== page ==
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dc.contributor.advisorMelosh, H. Jayen_US
dc.contributor.authorTurtle, Elizabeth Pope, 1967-
dc.creatorTurtle, Elizabeth Pope, 1967-en_US
dc.date.accessioned2013-04-18T10:00:17Z
dc.date.available2013-04-18T10:00:17Z
dc.date.issued1998en_US
dc.identifier.urihttp://hdl.handle.net/10150/282720
dc.description.abstractImpact cratering is a complex process which is not yet fully understood, especially in the cases of large planetary events. Most of the observations of impact craters created by such events are limited to remote sensing of their surface morphology; although there are large terrestrial craters whose sub-surface structures can be studied, most have been modified by subsequent geologic activity. Laboratory experiments are necessarily limited to very small impacts so their results need to be extrapolated over many orders of magnitude to compare to the largest terrestrial craters (>100 km in diameter). So, in order to study the formation of large craters it is useful to employ numerical simulations. Finite-element modeling is a numerical method that can accommodate complex structures and a variety of rheologies and can perform simulations at any scale. It is, therefore, useful for simulating impact crater collapse and I have used it to investigate different aspects of this process. In collaboration, E. Pierazzo and I used both hydrocode and finite-element modeling to recreate the formation of the Vredefort structure in order to predict where the pressure of an impact-generated shock wave would have been sufficient to form shatter cones and planar deformation features and to follow their subsequent displacement during crater excavation and collapse. By comparing the results of simulations of impacts by projectiles of various sizes to the observed locations of the shock features around Vredefort we constrained the projectile diameter to be 10-14 km. This corresponds to a final crater diameter of 120-200 km. I used finite-element models of crater collapse to investigate the ring-tectonic theory of multiple ring crater formation. The results of these models indicate that the ring-tectonic theory is consistent with the formation of circumferential faults around large terrestrial impact craters such as Chicxulub. The final project described in this dissertation uses the morphologies of impact craters on the icy Jovian satellite Europa to probe its lithospheric structure. Comparisons of simulated stress fields to the observed fracture patterns around Europan craters suggest that the elastic lithosphere in which the crater formed was at least 12 km thick.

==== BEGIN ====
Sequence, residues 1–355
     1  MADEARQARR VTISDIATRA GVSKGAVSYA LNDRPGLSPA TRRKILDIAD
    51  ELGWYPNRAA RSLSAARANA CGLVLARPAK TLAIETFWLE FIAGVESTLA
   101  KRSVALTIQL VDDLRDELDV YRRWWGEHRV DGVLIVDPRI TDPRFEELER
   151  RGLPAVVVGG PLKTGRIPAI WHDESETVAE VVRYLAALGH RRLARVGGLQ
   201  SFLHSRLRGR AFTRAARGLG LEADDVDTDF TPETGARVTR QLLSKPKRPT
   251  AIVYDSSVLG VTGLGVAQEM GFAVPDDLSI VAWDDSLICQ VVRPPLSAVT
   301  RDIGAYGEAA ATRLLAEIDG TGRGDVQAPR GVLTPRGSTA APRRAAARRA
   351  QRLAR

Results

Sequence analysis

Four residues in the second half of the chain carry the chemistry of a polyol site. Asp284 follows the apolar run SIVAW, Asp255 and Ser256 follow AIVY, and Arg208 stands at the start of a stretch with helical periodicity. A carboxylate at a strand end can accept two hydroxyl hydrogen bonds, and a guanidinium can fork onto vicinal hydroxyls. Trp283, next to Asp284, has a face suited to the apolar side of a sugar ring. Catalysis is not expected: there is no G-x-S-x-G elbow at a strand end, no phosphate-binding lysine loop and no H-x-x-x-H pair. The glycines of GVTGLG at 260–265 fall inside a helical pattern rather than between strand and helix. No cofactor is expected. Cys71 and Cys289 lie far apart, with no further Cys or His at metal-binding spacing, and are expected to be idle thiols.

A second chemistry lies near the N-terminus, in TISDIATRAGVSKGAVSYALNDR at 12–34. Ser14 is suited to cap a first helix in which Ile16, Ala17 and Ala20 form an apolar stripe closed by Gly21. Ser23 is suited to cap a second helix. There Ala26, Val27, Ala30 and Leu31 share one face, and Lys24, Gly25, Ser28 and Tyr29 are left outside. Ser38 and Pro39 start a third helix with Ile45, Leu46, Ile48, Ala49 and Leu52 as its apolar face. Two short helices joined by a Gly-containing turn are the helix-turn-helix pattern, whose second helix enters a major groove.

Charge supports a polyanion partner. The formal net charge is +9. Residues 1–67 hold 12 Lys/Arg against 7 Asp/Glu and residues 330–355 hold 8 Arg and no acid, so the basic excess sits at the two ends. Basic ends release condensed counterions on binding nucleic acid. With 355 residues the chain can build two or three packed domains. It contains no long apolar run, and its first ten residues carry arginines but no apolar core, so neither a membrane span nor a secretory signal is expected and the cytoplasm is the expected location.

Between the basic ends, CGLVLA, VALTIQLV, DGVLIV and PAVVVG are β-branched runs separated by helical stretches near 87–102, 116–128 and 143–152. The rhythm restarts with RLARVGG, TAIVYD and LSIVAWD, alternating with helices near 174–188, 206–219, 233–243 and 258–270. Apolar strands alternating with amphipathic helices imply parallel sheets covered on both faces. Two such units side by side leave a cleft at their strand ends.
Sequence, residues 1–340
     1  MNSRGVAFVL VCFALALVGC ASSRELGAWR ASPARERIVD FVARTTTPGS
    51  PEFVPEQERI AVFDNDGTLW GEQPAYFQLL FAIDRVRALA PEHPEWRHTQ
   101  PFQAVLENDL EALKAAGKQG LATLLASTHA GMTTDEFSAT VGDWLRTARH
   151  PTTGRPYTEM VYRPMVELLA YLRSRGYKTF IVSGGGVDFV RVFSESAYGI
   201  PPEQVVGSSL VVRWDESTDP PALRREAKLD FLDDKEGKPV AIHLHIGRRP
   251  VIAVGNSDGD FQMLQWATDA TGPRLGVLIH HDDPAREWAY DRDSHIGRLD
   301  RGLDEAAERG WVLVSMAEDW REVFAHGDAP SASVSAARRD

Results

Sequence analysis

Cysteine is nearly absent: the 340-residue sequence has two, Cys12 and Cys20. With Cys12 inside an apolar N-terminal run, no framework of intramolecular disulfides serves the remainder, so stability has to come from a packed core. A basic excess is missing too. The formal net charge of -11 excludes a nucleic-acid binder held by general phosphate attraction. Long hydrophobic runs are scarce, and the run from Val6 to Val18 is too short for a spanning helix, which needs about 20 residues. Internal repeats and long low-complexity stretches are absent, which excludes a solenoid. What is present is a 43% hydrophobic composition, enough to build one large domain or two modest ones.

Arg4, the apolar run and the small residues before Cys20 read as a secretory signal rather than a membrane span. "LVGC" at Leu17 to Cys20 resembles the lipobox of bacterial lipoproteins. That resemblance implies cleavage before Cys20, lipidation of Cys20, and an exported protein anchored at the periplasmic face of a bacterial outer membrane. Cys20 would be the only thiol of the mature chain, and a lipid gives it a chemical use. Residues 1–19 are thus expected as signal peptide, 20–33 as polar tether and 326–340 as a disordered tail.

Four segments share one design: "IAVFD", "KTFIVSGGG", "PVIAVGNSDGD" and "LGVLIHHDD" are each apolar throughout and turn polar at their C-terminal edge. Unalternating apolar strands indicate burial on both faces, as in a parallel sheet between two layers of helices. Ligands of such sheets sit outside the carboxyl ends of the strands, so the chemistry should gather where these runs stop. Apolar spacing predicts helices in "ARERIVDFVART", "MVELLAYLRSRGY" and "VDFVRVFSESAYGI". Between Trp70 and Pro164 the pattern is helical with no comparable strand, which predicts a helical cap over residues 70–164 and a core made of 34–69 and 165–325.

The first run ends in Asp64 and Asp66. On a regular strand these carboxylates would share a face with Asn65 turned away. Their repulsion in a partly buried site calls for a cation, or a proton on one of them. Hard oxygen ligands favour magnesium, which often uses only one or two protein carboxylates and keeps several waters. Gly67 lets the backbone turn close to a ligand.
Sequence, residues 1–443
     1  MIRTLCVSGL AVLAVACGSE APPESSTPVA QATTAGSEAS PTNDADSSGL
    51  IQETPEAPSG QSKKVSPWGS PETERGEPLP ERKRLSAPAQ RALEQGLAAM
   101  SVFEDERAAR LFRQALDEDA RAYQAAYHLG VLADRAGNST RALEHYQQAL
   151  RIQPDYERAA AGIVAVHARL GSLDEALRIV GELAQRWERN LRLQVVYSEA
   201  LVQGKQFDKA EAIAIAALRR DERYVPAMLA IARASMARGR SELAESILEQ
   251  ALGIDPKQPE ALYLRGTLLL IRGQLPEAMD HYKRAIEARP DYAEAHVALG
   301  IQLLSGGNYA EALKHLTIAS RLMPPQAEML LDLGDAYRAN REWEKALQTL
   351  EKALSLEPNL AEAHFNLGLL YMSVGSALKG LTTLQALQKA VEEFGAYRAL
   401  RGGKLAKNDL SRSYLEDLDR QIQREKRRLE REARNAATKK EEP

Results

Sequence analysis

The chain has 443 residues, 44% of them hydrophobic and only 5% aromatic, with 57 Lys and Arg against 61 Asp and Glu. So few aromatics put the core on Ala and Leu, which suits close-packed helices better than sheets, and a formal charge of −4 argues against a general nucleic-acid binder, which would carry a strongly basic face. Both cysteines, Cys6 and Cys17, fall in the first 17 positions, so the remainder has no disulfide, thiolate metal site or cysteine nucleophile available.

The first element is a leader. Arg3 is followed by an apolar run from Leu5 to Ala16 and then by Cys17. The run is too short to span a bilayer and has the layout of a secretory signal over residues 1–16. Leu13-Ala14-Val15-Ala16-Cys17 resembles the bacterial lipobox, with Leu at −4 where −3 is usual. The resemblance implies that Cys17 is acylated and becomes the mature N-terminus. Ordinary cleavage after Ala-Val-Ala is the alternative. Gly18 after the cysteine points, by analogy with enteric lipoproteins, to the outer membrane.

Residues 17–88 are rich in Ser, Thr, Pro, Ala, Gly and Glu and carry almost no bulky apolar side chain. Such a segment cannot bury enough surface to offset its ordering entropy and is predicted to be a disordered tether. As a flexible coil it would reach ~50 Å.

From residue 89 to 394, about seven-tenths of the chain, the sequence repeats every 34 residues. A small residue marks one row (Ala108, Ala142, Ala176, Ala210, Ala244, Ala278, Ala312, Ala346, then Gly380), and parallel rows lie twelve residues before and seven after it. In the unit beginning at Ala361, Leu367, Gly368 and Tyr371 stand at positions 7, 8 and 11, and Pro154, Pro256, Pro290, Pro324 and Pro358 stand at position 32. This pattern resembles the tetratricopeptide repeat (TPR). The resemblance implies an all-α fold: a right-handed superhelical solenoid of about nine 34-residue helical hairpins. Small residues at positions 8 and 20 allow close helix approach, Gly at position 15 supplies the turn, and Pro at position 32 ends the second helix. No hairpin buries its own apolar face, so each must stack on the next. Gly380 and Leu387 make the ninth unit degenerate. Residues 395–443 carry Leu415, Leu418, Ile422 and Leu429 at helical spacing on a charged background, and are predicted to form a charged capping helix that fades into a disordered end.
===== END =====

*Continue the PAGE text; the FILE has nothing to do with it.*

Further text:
dc.language.isoen_USen_US
dc.publisherThe University of Arizona.en_US
dc.rightsCopyright © is held by the author. Digital access to this material is made possible by the University Libraries, University of Arizona. Further transmission, reproduction or presentation (such as public display or performance) of protected items is prohibited except with permission of the author.en_US